Zhang, the Shanghai professor, said he understands why so many parents are signing their children up for tests. But he stressed that no matter how convincing the analysts seem, parents are being scammed. “The results are not science-based and can be misleading,” said Zhang.
Liu is used to such accusations. He insisted, however, that the tests can still be helpful for parents. “If you treat them as a reference — something that helps you understand your child’s behavior or mindset — it’s much more rational,” he said. “This test also works to alleviate the psychological burden on parents.”
Several parents who spoke with Sixth Tone did appear to take comfort from the apparent certainty offered by DMIT. Chen said since Chinese society has changed so dramatically in one generation, traditional parenting advice offers her little help.
“There’s a gap between our generation and our parents’ generation regarding the concepts of raising a child,” said Chen. “Before, parents assumed it was the school’s responsibility to educate kids. But modern parents today emphasize family education and agree with Western ideas that encourage children to be creative and think independently.”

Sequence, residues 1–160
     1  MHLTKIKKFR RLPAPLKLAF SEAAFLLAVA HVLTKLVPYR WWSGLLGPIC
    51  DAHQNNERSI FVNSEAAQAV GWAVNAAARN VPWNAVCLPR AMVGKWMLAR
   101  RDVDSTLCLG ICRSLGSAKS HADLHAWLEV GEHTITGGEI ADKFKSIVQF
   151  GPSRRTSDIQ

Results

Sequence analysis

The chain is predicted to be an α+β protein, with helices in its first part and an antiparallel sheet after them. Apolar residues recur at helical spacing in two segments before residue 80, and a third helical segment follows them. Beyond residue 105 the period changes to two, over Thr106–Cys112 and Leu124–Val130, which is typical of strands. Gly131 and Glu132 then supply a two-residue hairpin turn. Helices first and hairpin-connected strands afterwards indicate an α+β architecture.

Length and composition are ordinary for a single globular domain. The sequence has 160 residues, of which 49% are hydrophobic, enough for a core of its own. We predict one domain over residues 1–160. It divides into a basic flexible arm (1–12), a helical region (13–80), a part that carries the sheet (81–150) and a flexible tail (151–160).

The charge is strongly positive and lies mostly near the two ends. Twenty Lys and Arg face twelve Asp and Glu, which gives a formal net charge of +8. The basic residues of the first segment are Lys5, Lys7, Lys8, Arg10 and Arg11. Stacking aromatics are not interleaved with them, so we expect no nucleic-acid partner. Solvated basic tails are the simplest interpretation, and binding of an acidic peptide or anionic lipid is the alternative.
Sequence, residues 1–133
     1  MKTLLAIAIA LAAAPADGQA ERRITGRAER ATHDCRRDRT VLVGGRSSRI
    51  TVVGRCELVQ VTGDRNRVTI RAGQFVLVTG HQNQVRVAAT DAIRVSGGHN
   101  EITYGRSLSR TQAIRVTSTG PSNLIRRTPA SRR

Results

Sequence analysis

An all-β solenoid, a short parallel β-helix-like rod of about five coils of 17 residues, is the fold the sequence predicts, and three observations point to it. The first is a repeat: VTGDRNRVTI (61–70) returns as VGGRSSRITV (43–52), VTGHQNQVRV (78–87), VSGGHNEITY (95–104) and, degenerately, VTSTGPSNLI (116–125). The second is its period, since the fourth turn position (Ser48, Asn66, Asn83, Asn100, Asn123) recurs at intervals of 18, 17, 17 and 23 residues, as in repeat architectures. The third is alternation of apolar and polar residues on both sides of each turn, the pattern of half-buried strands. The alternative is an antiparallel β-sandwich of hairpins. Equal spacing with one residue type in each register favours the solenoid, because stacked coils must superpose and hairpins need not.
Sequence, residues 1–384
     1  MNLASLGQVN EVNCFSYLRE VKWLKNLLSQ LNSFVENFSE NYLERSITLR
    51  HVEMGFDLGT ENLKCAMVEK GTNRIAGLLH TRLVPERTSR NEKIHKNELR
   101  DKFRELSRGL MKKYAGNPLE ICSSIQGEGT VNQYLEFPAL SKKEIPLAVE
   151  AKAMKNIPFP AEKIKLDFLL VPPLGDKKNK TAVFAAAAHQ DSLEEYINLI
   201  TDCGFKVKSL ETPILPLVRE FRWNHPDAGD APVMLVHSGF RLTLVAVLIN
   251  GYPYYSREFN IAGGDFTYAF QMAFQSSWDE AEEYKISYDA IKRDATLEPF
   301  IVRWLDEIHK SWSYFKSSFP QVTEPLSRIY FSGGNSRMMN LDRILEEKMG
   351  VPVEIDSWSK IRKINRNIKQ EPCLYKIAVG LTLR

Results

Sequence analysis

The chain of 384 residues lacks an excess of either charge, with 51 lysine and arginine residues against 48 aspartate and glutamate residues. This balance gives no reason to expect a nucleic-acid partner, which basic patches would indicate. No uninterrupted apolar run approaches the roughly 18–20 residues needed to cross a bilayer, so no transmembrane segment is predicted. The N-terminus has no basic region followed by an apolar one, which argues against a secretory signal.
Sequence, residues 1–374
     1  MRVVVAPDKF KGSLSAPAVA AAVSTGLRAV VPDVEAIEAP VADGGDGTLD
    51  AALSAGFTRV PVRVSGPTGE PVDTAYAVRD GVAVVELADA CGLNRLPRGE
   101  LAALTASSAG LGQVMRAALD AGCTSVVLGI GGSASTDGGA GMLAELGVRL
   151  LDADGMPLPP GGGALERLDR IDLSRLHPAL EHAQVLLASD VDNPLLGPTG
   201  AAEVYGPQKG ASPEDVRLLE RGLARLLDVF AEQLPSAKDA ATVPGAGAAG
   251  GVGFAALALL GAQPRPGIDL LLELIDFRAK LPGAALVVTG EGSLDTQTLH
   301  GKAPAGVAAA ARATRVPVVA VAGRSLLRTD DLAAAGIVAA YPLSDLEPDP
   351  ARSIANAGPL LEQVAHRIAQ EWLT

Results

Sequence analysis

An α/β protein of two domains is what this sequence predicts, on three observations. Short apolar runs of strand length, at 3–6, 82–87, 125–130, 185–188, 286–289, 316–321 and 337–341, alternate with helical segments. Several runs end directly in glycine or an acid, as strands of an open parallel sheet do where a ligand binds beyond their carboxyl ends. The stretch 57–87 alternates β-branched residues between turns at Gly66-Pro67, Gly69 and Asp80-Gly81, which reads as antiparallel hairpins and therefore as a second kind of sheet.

In this context, parents rely heavily on advice and support from their peers, and it’s through these grassroots networks that DMIT has spread. Though Zhao declared herself disappointed with the lack of detail in the report she received — for which she had paid 1,200 yuan — she told the other parents at her daughter’s kindergarten about the test when she returned to Hangzhou. Since then, several of them have signed their own children up for tests in Shanghai.